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 Post subject: Re: Do you understand (relatively) complex code of others?
PostPosted: Sat Jan 27, 2018 1:10 pm 
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I would be extremely skeptical about claims regarding having read the code of Facebook - IIRC, most of it is proprietary, so the only way that would be possible is to either have worked for Facebook, engaged in or received it from cracking/corporate espionage, or taken part in a massive reverse-engineering project (which wouldn't even get the actual source code, just an approximation - and would still require access to the server software itself, which in turn would require working for or spying on the company).

They might have looked at the JavaScript components, which are indeed visible (though I am pretty sure they apply obfuscation to at least some of those), but that would only be a small part of their code and would be nearly unintelligible without knowledge of the middleware and back ends.

But all of that is beside the point, as anyone claiming to have 'see the code' for any program of significant size without specifying which parts of that code they have seen is probably being disingenuous at best. For something the size of, say, cURL - not a particularly large package, even if you include the libraries that come with it - it is likely that even in the original version, only the primary developers had read and understood all of the code, and for later versions it is likely that no one has seen all of it, never mind understood all of it, simply because of the time it would take.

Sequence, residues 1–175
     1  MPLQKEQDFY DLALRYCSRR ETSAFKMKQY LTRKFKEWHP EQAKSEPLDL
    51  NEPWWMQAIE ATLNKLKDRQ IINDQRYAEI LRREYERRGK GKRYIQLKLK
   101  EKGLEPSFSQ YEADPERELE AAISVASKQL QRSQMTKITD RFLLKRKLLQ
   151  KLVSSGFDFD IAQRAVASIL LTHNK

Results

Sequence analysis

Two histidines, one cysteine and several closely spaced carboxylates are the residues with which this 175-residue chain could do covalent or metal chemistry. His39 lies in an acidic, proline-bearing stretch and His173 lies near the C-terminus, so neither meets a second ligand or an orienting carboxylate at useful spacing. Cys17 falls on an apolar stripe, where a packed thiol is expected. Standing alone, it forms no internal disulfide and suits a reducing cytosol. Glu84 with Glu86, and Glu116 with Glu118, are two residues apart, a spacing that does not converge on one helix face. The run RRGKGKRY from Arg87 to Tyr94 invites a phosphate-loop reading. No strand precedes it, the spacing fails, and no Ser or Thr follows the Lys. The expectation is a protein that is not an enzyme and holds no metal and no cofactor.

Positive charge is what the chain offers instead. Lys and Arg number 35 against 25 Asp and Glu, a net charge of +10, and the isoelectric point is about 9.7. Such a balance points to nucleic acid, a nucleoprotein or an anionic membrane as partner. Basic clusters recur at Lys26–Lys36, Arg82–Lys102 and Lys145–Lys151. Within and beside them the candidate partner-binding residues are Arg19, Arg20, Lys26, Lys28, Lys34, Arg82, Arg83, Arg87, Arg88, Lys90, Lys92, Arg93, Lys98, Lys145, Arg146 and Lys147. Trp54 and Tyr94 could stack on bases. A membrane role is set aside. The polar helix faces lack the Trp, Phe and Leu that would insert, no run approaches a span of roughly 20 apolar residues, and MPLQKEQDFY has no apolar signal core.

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 Post subject: Re: Do you understand (relatively) complex code of others?
PostPosted: Sat Jan 27, 2018 2:30 pm 
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This should actually be moved to General Ramblings as it has nothing to do with programming.

As to claims, talk is cheap and all too often people claiming something, not only about programming, but most everything, wouldn't be able to back it up. But then let's just say for arguments sake, this guy is legitimate, then we just need ask, what does it matter. Has your world changed, the way you do things, what you eat for breakfast, has any of that changed. No, what he does in the grand scheme of things means nothing from nothing. I don't mean to imply he or anyone is insignificant, for all I know, what he does has some relevance, just not to me and probably not you.

On the other hand though, let's suppose his methodologies were really important to you, then you should be able to hit him up and ask, how do you go about doing what you're doing and he in turn should be able to tell you how he does it. The only thing you should be concerned about, is what you are doing and the way you are doing it, is it giving you the results you want.


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 Post subject: Re: Do you understand (relatively) complex code of others?
PostPosted: Sat Jan 27, 2018 11:56 pm